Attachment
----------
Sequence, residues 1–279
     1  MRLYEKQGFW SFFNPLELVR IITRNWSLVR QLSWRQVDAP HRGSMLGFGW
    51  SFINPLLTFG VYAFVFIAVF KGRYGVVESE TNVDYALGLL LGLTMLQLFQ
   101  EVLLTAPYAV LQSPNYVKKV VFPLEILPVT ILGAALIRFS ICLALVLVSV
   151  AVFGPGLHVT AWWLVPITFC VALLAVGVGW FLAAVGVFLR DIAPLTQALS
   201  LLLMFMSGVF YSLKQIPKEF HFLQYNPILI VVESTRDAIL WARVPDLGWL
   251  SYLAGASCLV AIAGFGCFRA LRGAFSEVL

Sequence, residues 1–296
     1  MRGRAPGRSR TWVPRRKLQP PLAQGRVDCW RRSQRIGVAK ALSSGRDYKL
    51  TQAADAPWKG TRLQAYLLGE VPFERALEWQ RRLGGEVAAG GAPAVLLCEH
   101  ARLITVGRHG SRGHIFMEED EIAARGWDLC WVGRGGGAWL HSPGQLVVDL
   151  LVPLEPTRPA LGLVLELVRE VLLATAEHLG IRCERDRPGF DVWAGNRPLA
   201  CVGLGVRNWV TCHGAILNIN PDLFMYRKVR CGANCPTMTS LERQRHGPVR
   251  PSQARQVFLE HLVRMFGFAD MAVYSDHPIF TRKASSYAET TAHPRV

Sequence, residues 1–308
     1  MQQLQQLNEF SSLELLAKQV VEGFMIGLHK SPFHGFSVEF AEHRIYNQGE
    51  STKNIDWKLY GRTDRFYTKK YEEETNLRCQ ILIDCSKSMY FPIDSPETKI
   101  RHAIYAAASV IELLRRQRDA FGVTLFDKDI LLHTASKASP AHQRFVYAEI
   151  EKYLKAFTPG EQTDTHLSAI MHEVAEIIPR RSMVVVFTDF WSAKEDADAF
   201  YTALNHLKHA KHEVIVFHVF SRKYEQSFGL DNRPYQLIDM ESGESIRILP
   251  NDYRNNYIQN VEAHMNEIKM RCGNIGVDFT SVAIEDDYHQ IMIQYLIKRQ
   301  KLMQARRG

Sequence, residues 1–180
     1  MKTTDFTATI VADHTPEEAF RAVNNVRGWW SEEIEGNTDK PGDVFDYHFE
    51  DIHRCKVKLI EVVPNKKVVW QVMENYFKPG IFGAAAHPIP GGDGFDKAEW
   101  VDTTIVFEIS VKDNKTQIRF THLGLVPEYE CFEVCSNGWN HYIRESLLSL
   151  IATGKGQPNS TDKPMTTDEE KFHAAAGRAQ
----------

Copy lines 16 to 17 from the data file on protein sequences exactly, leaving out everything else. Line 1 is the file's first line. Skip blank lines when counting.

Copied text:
     1  MQQLQQLNEF SSLELLAKQV VEGFMIGLHK SPFHGFSVEF AEHRIYNQGE
    51  STKNIDWKLY GRTDRFYTKK YEEETNLRCQ ILIDCSKSMY FPIDSPETKI